Alaskaman (part 1)

8 months ago I signed up for the Alaskaman Extreme Triathlon. At the time, the race was more of an abstraction than a reality. While I had most of the details of the race, I didn’t know what it would really entail. I had chosen this race as my first Ironman distance race because I wanted it to be a memorable event that would never fade from my mind. I believe I have achieved that.

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I headed out with most of my support crew for Alaska on the Tuesday afternoon before the race and arrived around midnight in Anchorage. This included Rebekah, Timothy, Sarah, and myself. Mike was to arrive about 24 hours later on a later flight. While this team was my “official” support crew for the race, my mother and her friend Kim had already arrived in town for a vacation and to watch the race.

That Wednesday, Timothy and I decided to scope out a bit of the course and went for an easy run followed by the first half of the mountain section of the run. The weather and scenery were absolutely breath-taking as we climbed, and we took it easy to save energy for Saturday. When we got to the top, I got to meet the Race Director, Aaron Palaian, who did a phenomenal job of setting up this race and communicating all of the necessary details to the athletes. I have never seen the amount of hype and build-up around a race and Aaron handled any hiccup to perfection. After talking with Aaron, a member of the film crew helping promote the race asked me if they could get some interviews and footage of me throughout the race. Since I was apparently one of the favorites to win the race, they thought it could make a good story. I was excited to have the opportunity to help promote the event, but suddenly the pressure to perform got a lot higher!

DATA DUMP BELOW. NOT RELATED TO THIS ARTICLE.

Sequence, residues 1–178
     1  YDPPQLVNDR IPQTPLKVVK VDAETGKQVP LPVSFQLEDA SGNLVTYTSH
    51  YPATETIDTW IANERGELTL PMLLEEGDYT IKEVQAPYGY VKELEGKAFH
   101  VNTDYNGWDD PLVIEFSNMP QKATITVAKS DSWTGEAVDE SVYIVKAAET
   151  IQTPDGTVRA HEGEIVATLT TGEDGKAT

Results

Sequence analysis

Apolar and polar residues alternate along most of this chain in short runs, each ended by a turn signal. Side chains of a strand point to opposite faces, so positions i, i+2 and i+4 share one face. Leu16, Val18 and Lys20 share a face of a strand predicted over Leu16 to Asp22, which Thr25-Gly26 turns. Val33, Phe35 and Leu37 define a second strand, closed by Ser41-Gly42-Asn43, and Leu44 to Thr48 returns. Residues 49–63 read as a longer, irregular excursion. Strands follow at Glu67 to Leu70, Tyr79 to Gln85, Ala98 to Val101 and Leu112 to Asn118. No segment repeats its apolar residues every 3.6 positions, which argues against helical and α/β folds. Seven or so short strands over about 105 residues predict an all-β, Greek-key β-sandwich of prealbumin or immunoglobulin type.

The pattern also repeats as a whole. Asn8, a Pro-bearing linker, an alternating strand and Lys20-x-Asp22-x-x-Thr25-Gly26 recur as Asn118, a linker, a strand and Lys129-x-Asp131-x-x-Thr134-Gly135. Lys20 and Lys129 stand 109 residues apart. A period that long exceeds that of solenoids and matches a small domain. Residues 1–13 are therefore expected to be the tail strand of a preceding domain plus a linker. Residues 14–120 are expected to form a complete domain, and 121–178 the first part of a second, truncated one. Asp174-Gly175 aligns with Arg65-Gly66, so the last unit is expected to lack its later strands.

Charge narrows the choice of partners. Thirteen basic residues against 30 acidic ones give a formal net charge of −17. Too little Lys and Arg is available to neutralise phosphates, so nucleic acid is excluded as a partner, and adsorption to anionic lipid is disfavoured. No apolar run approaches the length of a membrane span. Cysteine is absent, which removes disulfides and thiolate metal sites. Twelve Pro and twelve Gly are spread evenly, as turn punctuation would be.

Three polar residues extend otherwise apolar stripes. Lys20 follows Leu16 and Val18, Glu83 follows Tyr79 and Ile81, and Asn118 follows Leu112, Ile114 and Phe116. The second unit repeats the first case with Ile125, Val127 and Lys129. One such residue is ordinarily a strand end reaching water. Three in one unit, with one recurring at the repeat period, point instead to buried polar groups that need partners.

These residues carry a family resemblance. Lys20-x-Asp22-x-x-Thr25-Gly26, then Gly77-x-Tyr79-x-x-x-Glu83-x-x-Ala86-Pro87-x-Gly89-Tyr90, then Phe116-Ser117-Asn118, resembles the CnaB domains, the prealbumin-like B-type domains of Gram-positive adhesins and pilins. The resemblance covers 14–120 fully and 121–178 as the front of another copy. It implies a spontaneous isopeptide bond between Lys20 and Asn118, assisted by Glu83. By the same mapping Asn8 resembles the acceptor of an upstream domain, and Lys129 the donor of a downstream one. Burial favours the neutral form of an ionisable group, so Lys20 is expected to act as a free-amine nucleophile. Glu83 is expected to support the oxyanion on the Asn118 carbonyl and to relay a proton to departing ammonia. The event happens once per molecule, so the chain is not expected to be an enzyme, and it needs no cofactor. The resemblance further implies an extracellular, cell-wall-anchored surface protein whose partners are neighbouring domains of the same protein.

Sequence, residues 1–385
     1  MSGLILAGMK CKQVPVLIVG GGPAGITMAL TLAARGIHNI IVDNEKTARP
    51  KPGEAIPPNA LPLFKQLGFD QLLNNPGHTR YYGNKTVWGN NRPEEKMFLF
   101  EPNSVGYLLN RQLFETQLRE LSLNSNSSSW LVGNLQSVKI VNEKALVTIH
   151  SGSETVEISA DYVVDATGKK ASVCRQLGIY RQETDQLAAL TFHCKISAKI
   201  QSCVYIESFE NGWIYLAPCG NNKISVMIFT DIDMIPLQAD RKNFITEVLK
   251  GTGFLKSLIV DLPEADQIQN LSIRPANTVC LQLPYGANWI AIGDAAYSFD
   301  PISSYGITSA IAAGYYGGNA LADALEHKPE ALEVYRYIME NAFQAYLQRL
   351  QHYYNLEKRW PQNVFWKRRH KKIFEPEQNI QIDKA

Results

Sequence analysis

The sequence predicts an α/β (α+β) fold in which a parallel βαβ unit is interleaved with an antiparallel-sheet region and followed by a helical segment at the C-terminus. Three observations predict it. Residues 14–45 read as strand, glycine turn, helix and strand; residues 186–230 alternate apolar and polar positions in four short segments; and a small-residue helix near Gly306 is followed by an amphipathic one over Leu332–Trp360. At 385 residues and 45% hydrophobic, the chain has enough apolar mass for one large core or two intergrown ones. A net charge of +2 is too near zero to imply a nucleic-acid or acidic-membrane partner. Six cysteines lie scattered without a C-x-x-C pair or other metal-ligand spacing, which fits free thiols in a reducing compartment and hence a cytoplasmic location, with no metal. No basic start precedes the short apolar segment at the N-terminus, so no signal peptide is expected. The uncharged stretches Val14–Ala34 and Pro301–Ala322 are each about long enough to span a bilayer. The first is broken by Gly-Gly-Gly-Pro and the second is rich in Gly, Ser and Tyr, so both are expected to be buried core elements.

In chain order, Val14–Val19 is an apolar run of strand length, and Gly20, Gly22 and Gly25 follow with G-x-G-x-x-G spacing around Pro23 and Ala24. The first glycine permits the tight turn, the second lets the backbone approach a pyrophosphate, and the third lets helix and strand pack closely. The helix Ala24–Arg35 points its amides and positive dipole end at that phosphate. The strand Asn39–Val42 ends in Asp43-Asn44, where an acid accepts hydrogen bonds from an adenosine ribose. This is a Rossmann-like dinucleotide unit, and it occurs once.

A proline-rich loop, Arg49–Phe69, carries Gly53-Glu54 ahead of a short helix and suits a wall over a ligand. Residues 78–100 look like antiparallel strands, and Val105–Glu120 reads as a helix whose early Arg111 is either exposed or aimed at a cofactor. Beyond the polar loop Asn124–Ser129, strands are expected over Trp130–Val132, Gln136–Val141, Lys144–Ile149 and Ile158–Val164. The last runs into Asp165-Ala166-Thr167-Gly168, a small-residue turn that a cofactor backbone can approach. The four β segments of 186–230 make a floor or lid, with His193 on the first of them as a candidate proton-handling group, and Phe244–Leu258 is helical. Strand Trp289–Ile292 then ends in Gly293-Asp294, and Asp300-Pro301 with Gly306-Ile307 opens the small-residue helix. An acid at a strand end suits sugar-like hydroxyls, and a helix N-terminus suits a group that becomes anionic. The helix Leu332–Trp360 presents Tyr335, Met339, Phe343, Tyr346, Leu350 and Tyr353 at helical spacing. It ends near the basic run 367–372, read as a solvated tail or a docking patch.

Thursday morning, I took my bike out for a spin to check out some of the course and to make sure that the bike was operating properly, especially since this was my first time completely rebuilding my own bike after flying with it. Everything went smoothly and the scenery on Seward Highway and Portage Glacier Road was beautiful. It was like Being in another world. There is a reason that Seward Highway is touted as being one of the most scenic drives in the world, and 90% of the bike course is on it. Snow topped mountains, deep blue lakes, and the occasional glacier are the norm on the course, not to mention that the shoulders had just been cleaned with plenty of space to ride separately from traffic. After some breakfast, Mike joined me for an easy run on the course which would be my last workout leading up to the race. The rest of the day included a wildlife tour in Resurrection Bay (where the race swim is located) and an interview with the film crew before returning to the chalet to sleep.

Friday was a short day that included packet pick-up and the athlete meeting in the cold and rain in Seward. The weather had definitely changed from being almost warm the past couple days, to now being in the low-50’s with occasional showers. It would be a toss up as to how the weather would behave on race day. We stayed in a place just a couple blocks from the first transition area on Friday night. As expected, I didn’t sleep well with the pre-race nerves and the sun being up late into the night. Eventually, 1 am rolled around and it was time to get up.

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Can’t wait for the footage!